|Wesley R. Elsberry
Joined: May 2002
Richard von Sternberg has this to say about his own stance on antievolutionary issues:
Although it is irritating to have to respond to ad hominem arguments rather than arguments on the issues, I will state for the record that I do not accept the claims of young-earth creationism. Rather, I am a process structuralist.
(Ref: Sternberg's home page)
This is a remarkably unhelpful statement. There are lots of ways of being an antievolutionist and creationist; young-earth creationist is just one, and "process structuralism" doesn't do much in the way of refining where Sternberg's personal views lie.
Under a linked article outlining "process structuralism", Sternberg offers some further information on his personal viewpoint.
I subscribe to a school of biological thought often termed “process structuralism.” Process or biological structuralism is concerned with understanding the formal, generative rules underlying organic forms, and focuses on the system architectures of organisms and their interrelationships. Structuralist analysis is generally ahistorical, systems-oriented, and non-evolutionary (not anti-evolutionary). Both creationism and neo-Darwinism are, in contrast, emphatically historicist with one positing extreme polyphyly (de novo creation of species) and the other radical monophyly (common descent). Since the structuralist perspective runs somewhat perpendicular to the origins debate, creationists and evolutionists tend to see it as inimical to their positions. The truth is structuralism has little at stake in the origins issue, leaving a person like myself free to dialogue with all parties. For this reason, I frequently discourse with ultra-Darwinians, macromutationists, self-organization theorists, complexity theorists, intelligent design advocates, theistic evolutionists, and young-earth creationists without necessarily agreeing with any of their views.
Structuralism does, however, provide an important perspective on the origins debate. Structuralists' lack of commitment to an historical theory of biology allows them to explore the historical evidence more objectively. Moreover, because they focus on formal analysis, struturalists are far more open than neo-Darwinians to the powerful evidence for continuity within species (forms) and discontinuity between and among species. They also allow themselves to wonder about the cause of the amazing repetition of forms across the biological world rather than being forced by prior commitments to accept a major neo-Darwinian epicycle known as "convergent evolution."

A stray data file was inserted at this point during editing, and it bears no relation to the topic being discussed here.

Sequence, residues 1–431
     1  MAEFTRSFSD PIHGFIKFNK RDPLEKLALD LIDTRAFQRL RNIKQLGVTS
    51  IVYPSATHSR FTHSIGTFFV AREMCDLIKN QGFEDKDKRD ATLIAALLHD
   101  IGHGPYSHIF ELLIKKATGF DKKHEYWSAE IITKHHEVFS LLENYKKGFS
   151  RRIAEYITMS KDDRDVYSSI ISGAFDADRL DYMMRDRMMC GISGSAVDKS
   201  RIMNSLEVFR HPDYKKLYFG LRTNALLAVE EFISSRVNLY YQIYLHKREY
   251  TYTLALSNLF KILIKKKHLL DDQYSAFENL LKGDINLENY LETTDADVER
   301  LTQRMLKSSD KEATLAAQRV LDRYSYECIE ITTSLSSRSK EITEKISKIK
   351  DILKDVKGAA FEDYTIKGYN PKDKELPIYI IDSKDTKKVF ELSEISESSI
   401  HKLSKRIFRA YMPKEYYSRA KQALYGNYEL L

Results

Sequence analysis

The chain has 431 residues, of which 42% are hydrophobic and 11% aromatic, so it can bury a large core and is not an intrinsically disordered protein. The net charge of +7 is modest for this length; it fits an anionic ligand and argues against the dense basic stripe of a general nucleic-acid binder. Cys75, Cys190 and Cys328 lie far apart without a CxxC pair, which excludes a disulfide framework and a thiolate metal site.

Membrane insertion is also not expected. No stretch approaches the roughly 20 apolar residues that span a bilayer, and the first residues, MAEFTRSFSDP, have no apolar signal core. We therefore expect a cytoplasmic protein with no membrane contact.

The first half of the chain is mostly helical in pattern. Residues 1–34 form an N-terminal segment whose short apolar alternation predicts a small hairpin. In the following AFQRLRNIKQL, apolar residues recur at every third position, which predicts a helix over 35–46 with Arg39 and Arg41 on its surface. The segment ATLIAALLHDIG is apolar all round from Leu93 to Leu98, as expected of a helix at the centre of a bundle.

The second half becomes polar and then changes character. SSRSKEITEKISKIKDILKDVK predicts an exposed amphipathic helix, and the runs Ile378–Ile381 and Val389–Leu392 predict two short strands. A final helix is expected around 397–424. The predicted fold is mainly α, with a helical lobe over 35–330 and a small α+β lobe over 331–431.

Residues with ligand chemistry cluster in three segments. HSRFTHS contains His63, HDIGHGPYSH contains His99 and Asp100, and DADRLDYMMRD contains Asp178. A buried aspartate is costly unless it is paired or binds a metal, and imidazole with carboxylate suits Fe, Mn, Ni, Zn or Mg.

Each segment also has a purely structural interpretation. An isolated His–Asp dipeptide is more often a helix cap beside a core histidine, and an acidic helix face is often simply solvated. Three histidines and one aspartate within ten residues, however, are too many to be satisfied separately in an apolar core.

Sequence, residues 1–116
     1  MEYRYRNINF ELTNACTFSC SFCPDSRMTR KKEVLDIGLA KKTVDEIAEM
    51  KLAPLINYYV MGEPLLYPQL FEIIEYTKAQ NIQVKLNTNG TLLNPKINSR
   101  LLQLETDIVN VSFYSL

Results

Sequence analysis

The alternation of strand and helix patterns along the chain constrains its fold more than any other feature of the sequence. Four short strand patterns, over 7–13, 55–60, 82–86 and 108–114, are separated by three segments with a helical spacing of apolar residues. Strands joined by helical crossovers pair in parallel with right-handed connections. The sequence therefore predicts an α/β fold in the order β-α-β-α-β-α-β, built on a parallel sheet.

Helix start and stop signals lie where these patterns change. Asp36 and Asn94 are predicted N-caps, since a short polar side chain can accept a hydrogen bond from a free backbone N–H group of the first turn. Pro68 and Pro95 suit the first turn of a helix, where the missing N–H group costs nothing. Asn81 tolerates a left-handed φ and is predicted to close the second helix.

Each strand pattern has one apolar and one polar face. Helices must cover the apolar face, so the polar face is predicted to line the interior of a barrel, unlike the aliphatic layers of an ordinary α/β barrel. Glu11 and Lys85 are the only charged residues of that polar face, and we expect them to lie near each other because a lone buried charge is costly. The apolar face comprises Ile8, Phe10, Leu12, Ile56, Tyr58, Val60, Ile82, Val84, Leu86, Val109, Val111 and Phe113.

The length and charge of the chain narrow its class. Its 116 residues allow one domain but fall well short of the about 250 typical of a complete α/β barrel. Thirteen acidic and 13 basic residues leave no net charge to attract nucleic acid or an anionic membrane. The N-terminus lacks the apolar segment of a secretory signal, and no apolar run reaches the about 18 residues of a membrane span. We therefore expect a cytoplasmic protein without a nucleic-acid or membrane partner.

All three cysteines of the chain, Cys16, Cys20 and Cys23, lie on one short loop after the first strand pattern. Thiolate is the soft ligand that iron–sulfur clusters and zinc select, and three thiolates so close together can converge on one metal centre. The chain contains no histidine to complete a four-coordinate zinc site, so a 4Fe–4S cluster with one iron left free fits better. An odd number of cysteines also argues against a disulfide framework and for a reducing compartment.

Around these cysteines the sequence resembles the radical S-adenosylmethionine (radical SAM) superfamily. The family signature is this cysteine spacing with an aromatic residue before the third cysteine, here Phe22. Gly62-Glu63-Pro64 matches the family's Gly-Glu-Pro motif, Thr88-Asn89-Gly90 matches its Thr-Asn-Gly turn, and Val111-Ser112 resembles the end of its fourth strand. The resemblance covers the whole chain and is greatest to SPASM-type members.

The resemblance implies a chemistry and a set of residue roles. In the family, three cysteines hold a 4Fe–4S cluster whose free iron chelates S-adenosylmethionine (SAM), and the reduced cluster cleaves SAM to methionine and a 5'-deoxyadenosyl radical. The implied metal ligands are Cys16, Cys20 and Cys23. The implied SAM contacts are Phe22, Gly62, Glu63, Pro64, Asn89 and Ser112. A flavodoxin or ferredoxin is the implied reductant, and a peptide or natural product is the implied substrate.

(Ref: Sternberg's page on process structuralism)
Process structuralism is an anti-Darwinian view, though not necessarily antievolutionary. The second paragraph of Sternberg's prose briefly notes, though, that Sternberg's process structuralism is "open" to common descent being false.
Sternberg says in the above that he has discourse with people of various viewpoints, both evolutionary and anti-evolutionary. What I am interested in, though, is what Sternberg's actions tell us rather than simply relying on Sternberg's words.
This thread is for gathering together information on what Sternberg has done that bears upon antievolution. People have limited time and energy to spend during their lives, and how they choose to spend it tells you something about them that is far more informative than the content of what they might say about themselves. For example, I received email from someone saying that Jonathan Wells had advocated Darwinian evolution and common descent earlier in his career. I asked for some documentation or references to where I could see this advocacy for myself and my correspondent stopped corresponding. In Wells's case, his current antievolutionary advocacy is easy to find and his earlier alleged advocacy of evolutionary biology is apparently difficult or impossible to find.
"You can't teach an old dogma new tricks." - Dorothy Parker